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Children’s Health Defense (CHD) and a group of Belmar, New Jersey, residents are seeking to join a lawsuit brought by Verizon against Monmouth County for denying the telecom giant’s applications to build nine 5G towers on a stretch of boardwalk on county land, in Belmar.
Belmar is a small borough in Monmouth County. The boardwalk, which runs along the Atlantic coast, is home to multiple endangered species.
CHD lawyers on Wednesday filed a motion to intervene in Verizon’s lawsuit. W. Scott McCollough, CHD’s chief litigator for the organization’s electromagnetic radiation (EMR) cases, filed the motion and a supporting memo and also requested oral argument.
CHD seeks to intervene in the lawsuit on behalf of its members in Monmouth County and other grassroots groups opposed to the towers to ensure that their interests — and not just those of Monmouth County — are protected.
If the motion is granted, CHD — and Belmar Against 5G Towers and several other individual Belmar CHD members — will be listed as intervening defendants in a lawsuit with national ramifications, McCollough said.
Verizon sued Monmouth County after county officials on Aug. 8 denied the company’s project application, citing, among other things, that Verizon had failed to submit a correct or complete application.
Upon rejection of its application, Verizon did not seek to submit a correct and complete application with the county. Instead, it sued the county in federal court, alleging Federal Communication Commission (FCC) rules preempted state and local laws about the project.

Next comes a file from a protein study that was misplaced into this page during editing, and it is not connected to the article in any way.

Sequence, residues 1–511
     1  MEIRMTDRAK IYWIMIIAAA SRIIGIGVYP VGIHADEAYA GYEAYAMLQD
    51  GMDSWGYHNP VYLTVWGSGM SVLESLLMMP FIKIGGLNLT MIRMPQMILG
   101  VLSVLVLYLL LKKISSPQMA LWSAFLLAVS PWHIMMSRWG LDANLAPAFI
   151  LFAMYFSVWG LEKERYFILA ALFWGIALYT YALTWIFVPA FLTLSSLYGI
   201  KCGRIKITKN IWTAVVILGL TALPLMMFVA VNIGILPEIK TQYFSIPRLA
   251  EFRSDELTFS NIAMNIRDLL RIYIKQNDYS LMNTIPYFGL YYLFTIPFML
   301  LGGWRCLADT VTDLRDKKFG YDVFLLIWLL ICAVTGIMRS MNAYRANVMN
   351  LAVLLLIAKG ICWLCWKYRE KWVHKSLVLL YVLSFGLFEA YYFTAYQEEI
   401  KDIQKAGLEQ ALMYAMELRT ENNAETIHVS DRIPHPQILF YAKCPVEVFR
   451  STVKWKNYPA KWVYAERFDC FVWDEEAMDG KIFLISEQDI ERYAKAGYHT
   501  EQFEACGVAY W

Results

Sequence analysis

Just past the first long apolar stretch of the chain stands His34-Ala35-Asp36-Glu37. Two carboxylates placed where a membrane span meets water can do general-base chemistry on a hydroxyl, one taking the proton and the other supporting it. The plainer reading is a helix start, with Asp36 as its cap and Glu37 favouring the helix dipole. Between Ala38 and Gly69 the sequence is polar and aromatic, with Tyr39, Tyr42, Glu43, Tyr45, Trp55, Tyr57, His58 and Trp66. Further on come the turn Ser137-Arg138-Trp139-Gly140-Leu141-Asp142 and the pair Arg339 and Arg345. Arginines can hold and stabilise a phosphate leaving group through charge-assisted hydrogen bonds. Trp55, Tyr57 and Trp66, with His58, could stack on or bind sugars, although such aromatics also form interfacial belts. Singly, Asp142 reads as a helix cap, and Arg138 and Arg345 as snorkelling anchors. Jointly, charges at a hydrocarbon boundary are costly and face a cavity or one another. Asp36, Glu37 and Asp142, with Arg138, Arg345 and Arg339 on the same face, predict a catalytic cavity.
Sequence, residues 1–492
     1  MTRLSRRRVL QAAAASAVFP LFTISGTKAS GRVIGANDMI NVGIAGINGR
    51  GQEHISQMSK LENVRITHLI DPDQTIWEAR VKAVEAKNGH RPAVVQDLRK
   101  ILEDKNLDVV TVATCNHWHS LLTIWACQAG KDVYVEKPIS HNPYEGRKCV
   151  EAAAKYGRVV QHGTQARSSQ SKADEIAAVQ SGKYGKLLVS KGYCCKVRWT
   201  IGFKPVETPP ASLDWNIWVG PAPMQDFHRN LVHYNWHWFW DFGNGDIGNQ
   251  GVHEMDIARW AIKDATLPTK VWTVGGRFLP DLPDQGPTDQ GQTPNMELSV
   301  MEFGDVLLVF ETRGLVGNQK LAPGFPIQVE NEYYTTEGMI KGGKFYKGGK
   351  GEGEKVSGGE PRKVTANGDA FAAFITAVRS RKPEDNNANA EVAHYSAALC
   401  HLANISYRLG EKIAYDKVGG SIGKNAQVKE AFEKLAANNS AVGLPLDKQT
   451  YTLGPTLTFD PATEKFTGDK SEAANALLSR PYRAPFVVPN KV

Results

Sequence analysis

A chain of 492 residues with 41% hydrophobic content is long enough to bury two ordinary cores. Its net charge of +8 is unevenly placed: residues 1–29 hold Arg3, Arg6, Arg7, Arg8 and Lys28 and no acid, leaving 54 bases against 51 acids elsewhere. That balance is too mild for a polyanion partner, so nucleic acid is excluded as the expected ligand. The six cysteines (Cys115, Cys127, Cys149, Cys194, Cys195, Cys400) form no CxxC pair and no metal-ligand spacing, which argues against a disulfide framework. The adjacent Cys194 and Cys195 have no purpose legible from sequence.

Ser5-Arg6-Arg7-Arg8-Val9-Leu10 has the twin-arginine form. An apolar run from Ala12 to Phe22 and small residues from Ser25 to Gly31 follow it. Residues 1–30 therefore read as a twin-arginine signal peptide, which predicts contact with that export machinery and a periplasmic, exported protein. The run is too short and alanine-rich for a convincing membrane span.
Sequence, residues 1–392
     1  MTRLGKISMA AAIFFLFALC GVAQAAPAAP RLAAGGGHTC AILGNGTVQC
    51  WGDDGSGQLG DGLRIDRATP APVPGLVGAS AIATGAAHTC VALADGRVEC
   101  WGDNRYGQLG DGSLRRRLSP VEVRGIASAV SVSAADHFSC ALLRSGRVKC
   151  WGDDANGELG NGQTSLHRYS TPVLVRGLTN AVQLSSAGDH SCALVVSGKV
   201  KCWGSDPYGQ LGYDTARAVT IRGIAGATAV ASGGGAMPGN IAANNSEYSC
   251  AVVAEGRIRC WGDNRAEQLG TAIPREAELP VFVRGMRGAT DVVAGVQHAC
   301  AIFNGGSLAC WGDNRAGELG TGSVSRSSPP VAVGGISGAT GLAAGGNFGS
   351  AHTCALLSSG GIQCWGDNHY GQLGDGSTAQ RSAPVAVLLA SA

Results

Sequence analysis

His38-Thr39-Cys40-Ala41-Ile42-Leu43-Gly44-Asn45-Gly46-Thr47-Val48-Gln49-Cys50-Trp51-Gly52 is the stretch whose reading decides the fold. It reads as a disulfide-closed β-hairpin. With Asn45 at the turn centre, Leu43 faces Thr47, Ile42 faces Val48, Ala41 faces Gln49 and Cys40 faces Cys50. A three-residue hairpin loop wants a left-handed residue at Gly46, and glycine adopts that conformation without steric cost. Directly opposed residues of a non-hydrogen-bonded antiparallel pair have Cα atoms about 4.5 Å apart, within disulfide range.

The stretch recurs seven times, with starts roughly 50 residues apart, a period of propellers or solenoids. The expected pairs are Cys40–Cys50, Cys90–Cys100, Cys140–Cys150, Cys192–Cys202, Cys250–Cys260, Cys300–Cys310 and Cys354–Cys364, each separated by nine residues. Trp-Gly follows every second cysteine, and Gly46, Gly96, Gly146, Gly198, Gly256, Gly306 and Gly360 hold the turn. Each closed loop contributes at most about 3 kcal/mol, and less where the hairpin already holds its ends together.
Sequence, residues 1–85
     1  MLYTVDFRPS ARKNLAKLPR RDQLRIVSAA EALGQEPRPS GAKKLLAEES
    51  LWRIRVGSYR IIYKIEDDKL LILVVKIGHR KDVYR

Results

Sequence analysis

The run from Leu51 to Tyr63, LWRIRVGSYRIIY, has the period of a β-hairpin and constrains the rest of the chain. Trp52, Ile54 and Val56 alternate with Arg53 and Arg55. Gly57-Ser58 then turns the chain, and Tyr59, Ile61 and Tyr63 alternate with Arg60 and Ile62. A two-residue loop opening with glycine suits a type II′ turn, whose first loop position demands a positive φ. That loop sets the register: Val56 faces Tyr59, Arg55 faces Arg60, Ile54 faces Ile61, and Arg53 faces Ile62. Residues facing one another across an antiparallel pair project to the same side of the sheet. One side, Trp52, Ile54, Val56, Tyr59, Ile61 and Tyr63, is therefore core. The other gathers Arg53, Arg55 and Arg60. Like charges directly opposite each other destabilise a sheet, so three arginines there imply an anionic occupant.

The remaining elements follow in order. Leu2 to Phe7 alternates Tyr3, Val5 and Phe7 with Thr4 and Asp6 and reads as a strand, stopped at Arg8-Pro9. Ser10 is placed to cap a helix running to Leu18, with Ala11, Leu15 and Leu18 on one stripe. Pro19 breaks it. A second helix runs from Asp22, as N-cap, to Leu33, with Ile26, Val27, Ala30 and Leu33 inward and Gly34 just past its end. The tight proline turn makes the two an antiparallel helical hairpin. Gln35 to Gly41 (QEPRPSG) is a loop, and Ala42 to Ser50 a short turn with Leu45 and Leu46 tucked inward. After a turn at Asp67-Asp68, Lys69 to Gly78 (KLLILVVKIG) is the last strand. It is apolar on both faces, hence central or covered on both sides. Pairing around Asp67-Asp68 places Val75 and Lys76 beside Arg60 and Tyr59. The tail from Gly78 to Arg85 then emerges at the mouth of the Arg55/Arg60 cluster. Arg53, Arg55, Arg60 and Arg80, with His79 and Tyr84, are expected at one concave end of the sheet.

In its complaint, Verizon alleged the county did not support its decision with substantial evidence and asked the court for declaratory and injunctive relief so Verizon could begin installing its 5G towers along Belmar’s public rights-of-way area.
Verizon also contended that Monmouth County couldn’t stand in its way because the Telecommunications Act of 1996 preempts state and local regulation of environmental effects of wireless infrastructures’ radiofrequency (RF) radiation emissions, as long as the infrastructures “comply with the FCC’s regulations concerning such emissions.”
“Stated simply,” McCollough said, “Verizon claims the Federal Communication Commission’s rules and Telecommunications Act of 1996 preempt much of New Jersey and federal law on threatened and endangered species.”
The lawsuit highlights the issue of what occurs when a wireless company wants to put its infrastructure right next to an endangered species’ habitat.